Translated by Dorothy S. Osmond

Previously posted on June 28, 2017

Continuity of consciousness

The condition experienced by the pupils (of occult development) is called “continuity of consciousness”. When an ordinary person is completely withdrawn from the sense-world in sleep, he is unconscious. This is no longer so with a pupil who has reached the stage just mentioned. By day and by night, with no interruption, he lives in a state of fully clear consciousness, even when his physical body is at rest.

Source: Rudolf Steiner – GA 95 – At the Gates of Spiritual Science: Lecture Twelve: Occult Development – Stuttgart, 2nd September 1906

Translated by E. H. Goddard & Charles Davy

Previously posted on October 19, 2016

Whether we absorb spiritual concepts or reject them determines our environment on the other side of the threshold

When man under the present conditions of evolution passes through the portal of death, he takes with him the conditions of consciousness that he has created for himself between birth and death. The person who has occupied himself under present circumstances exclusively with materialistic ideas, concepts, and sense impressions of the material, of the sense world, condemns himself after death to live in an environment in which only concepts defined during bodily life have bearing. 

The human being who has absorbed spiritual ideas enters the spiritual world legitimately, but one who has rejected spiritual ideas is forced to remain in a certain sense within earthly conditions until he — and this may endure for a long time — has learned there to absorb enough spiritual concepts that he can be carried by them into the spiritual world. 

Whether we absorb spiritual concepts or reject them therefore determines our environment on the other side of the threshold. Many of those souls — and this must be said with compassion — who have rejected or were hindered from absorbing spiritual concepts here in life are still wandering about on earth and, though dead, remain bound to the earthly sphere.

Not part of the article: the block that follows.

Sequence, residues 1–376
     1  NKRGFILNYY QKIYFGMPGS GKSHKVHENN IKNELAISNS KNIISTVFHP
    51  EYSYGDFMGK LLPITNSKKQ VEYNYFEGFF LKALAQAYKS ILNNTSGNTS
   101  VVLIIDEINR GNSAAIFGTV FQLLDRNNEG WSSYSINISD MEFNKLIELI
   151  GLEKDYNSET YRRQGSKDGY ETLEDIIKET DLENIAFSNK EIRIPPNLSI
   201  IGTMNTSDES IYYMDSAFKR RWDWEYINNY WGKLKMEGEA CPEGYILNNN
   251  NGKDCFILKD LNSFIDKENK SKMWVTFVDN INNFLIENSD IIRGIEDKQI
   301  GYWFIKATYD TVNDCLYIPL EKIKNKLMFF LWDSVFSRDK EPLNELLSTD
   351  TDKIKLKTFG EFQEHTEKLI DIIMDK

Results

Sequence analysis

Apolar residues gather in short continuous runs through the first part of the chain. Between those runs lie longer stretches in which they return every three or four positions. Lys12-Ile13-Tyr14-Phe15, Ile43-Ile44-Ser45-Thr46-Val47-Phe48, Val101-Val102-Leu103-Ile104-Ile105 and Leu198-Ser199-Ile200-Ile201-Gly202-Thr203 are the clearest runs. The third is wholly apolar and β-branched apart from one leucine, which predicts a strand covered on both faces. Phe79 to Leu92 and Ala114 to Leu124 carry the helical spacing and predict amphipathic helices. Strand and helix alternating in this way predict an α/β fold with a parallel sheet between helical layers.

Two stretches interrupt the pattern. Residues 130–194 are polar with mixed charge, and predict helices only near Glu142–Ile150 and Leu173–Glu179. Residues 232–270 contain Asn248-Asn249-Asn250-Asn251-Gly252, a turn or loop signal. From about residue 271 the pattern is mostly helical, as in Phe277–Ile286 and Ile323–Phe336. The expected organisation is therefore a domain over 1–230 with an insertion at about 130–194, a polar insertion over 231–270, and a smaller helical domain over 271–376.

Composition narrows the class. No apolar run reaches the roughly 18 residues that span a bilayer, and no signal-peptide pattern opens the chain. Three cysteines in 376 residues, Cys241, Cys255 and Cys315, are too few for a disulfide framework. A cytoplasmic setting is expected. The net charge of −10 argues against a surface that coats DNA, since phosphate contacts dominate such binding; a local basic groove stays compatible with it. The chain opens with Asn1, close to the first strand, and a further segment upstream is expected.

Source: Rudolf Steiner – GA 178 – The Reappearance of Christ in the Etheric – X – Individual Spirit Beings and the Undivided Foundation of the World: Part 1 – St. Gallen – 18th November 1917

Translated by Margaret Ingram deRis & Alice Wulsin

Previously posted on March 17, 2017

No contradiction

In the spirit and true sense of the word, no real scientist will be able to find a contradiction between his science built upon the facts of the sense world and the method by which the supersensible world is investigated. The scientist makes use of certain instruments and methods. He produces his instruments by transforming what “nature” offers him. The supersensible method of knowledge also makes use of an instrument. This instrument is man himself. This instrument, too, must first be made ready for higher research. The capacities and forces given to man by nature, without his assistance, must be transformed into higher capacities and powers. Man is thereby able to make himself the instrument for research in the supersensible world.

Source: Rudolf Steiner – GA 13 – An Outline of Occult Science – 1. The Character of Occult Science

Translated by Maud and Henry B. Monges and revised for this edition by Lisa D. Monges.